Please note Eco Approach is the new home to all business clients click here to visit the site or Login

EPC targets – are they affordable for landlords?

epc assessment taking place

Carbon emissions and global warming remain worldwide issues that seriously damage the environment.

To try and minimise the effects and reach net-zero, the government has put forward plans to ban the installation of gas boilers and could tighten rules surrounding energy performance certificates (EPC).

The energy efficiency of a property is measured with an EPC where the house receives a rating between ‘G’ and ‘A’. ‘G’ is the lowest, a ‘D’ rating is the average, and an ‘A’ is the highest.

Landlords are eagerly awaiting confirmation about whether these changes will be put forward. If the new EPC rules do go ahead, they will be brought in through the Minimum Energy Performance of Buildings Bill and it will raise the minimum grade to a ‘C’. New-build properties on the market have until 2025 to comply while existing tenancies have until 2028.

Although these changes will not come into action just yet, substantial amounts of time and effort could go into meeting these.

Here at Propcert, we break down whether these changes are affordable for landlords.

The true cost of attaining a ‘C’ grade EPC

In a new report conducted by Shawbrook Bank, 23% of the 1,000 UK landlords who were surveyed say the EPC rating of their properties is currently rated ‘D’ or below.

Meanwhile, an additional 27% of landlords are unaware of their current EPC rating, meaning hundreds of these landlords could also have properties in their portfolios rated at a ‘D’ or below.

Although 2025 seems miles away, landlords must understand there is a process to reaching each EPC target and part of this is being able to fund the work to improve the overall rating.

There are a range of inexpensive changes landlords can make to their homes to improve their EPC rating.

  • Replacing light bulbs with energy-saving ones could help make the home more energy-efficient. According to the Energy Saving Trust, for every 60-watt bulb in a home, £3 per bulb per year could be saved.
  • Loft insulation will reduce the energy that can escape through the roof and wall insulation stores the heat within the inner walls.

These are some examples of cost-effective measures that can be done around the house quickly to improve the EPC rating at a relatively low price.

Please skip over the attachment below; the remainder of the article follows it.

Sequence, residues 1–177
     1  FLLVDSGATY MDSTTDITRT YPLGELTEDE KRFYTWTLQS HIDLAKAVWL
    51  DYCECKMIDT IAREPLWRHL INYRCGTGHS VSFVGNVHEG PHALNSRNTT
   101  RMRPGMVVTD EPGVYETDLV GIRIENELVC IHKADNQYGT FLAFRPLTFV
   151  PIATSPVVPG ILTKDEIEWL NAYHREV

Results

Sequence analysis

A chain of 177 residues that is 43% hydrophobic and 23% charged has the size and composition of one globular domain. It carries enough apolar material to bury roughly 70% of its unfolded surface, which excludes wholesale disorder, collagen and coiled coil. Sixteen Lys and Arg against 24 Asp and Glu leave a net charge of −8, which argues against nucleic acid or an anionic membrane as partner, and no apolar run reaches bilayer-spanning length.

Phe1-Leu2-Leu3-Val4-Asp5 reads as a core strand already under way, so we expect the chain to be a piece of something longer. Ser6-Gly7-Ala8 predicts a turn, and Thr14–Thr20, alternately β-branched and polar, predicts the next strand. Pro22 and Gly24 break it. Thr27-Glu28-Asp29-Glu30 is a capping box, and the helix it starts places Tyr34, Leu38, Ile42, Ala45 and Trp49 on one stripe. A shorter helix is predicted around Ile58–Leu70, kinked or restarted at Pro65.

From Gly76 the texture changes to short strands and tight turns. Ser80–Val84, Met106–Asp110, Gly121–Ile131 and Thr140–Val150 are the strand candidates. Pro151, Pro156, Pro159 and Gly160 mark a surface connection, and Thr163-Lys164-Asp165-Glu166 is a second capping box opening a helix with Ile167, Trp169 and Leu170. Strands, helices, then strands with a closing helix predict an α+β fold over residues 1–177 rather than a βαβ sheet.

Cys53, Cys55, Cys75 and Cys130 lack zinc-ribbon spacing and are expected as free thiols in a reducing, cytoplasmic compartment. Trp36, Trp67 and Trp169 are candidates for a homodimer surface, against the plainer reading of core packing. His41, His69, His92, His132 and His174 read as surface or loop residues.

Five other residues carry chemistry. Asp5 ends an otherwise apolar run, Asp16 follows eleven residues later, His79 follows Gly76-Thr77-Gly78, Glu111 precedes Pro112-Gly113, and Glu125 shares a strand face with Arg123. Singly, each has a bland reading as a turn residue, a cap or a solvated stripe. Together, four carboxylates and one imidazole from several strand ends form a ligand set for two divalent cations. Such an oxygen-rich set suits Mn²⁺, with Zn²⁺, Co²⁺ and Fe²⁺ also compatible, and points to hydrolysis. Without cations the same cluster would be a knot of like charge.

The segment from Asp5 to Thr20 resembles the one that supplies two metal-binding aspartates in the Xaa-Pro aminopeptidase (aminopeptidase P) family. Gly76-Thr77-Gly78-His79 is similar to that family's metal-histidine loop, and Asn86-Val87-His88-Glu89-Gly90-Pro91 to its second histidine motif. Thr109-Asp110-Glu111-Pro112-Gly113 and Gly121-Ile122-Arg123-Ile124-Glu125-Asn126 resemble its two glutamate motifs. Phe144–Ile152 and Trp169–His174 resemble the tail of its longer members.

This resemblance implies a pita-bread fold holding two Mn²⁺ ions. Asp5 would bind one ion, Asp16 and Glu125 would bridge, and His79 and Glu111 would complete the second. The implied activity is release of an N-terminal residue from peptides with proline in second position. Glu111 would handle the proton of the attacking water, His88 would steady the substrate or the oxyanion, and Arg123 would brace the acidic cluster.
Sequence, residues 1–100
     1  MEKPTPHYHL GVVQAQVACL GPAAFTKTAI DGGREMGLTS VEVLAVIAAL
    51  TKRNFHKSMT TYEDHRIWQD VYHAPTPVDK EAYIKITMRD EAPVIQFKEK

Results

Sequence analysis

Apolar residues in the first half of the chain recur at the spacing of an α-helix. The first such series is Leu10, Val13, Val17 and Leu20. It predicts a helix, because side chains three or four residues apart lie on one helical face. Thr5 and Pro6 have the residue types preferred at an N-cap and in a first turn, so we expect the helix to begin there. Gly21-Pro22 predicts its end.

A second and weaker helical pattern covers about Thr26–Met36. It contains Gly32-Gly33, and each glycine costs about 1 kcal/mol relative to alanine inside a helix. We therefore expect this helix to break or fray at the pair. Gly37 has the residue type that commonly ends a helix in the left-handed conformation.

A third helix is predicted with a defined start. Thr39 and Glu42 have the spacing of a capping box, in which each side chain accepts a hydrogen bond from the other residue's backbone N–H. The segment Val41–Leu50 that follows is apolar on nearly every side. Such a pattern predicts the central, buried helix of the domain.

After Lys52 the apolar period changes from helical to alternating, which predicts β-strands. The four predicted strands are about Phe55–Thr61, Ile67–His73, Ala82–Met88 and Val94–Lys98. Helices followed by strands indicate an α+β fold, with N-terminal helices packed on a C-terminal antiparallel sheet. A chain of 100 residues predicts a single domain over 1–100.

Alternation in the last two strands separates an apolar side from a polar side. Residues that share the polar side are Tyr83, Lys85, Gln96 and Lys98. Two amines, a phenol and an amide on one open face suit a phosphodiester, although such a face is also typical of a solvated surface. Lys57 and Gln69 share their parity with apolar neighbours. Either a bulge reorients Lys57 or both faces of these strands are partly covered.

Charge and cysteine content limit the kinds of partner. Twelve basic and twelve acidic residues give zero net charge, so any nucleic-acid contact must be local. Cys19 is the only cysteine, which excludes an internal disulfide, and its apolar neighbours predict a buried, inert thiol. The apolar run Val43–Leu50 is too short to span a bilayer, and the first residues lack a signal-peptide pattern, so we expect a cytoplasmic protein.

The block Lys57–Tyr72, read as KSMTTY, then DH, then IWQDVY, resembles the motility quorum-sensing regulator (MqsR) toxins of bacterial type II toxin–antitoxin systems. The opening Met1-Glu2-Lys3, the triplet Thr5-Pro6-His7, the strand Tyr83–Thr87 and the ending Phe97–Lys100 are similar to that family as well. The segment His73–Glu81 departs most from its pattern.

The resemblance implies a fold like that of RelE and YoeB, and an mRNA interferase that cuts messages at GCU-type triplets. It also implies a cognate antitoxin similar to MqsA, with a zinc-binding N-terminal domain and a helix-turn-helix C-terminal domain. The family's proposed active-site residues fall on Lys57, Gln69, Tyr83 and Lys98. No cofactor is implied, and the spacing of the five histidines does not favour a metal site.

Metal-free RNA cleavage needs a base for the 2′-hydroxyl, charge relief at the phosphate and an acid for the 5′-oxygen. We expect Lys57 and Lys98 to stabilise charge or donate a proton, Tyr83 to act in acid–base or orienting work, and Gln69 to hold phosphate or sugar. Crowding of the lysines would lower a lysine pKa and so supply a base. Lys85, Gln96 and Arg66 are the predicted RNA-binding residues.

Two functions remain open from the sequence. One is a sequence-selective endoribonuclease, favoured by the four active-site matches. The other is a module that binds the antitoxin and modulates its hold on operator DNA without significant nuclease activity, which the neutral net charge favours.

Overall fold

The status of the property will determine the true cost of attaining the new EPC targets in good time. A landlord who tries to reach the EPC targets by replacing their oil or gas boiler with a heat pump would have to pay far more.

The Energy Saving Trust estimates that on average an air source heat pump installation will cost around £6,000 to £8,000 and a ground source heat pump installation can cost £10,000 to £18,000.

Overall, improving a ‘D’ or below rated property up to a ‘C’ is estimated to cost around £10,000.

Financial support to reach EPC targets

If the new EPC targets do get introduced, all landlords should be reassured that with proper planning and research, these new targets can be met without breaking the bank. In addition to this, financial support is available to make the process easier.

The government’s heat pump grant system can be used by landlords. Those who make use of this grant can receive up to £5,000 to transfer from a gas boiler to low-carbon systems such as air and ground source heat pumps – although it has been heavily criticised for being too small an amount to make any difference.

In the Shawbrook bank study, 37% of respondents hope for incentives to make changes such as favourable borrowing rates. These are already on the market – however, they are for those with high A or B-grade EPC ratings.

Is government support available?

The government support currently available is quite limited, but with the government’s aim to reach net-zero carbon emissions by 2050, forms of grants or low-cost loans are expected to become available.

Analysing your home, weighing up your budget, and proper planning are necessary to attain a higher EPC rating.

Once this is done, it will be easier to establish the most cost-effective solution to reach new EPC targets.

While awaiting confirmation about whether the new rules will be introduced, it’s advised that landlords keep up to date with the latest government announcements.

Here at Propcert, we can help landlords across the UK reach a higher EPC rating. The company was originally established in 2010 to meet the growing requirements of EPCs for the private and public sector and has evolved into providing other services as we have grown.

You can find out more about what we do and how we work here.

Related articles

Since 2007 it has been a requirement that all buildings in the UK have an energy performance certificate (EPC) to ensure they meet the right housing standards.
An EPC (Energy Performance Certificate) was introduced back in 2007 by the Government as a way to measure how energy efficient peoples homes and business premises are.
Energy Performance Certificates (EPCs) are necessary to understanding the energy efficiency of any property.